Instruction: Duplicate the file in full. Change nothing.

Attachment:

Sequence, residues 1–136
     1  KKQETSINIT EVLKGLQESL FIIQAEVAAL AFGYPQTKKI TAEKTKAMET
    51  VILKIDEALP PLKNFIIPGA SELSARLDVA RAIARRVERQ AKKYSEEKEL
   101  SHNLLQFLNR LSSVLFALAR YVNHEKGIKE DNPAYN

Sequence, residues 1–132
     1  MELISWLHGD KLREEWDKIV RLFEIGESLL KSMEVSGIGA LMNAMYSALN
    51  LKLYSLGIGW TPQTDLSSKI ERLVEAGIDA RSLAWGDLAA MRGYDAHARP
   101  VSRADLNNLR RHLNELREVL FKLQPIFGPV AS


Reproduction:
Sequence, residues 1–136
     1  KKQETSINIT EVLKGLQESL FIIQAEVAAL AFGYPQTKKI TAEKTKAMET
    51  VILKIDEALP PLKNFIIPGA SELSARLDVA RAIARRVERQ AKKYSEEKEL
   101  SHNLLQFLNR LSSVLFALAR YVNHEKGIKE DNPAYN

Sequence, residues 1–132
     1  MELISWLHGD KLREEWDKIV RLFEIGESLL KSMEVSGIGA LMNAMYSALN
    51  LKLYSLGIGW TPQTDLSSKI ERLVEAGIDA RSLAWGDLAA MRGYDAHARP
   101  VSRADLNNLR RHLNELREVL FKLQPIFGPV AS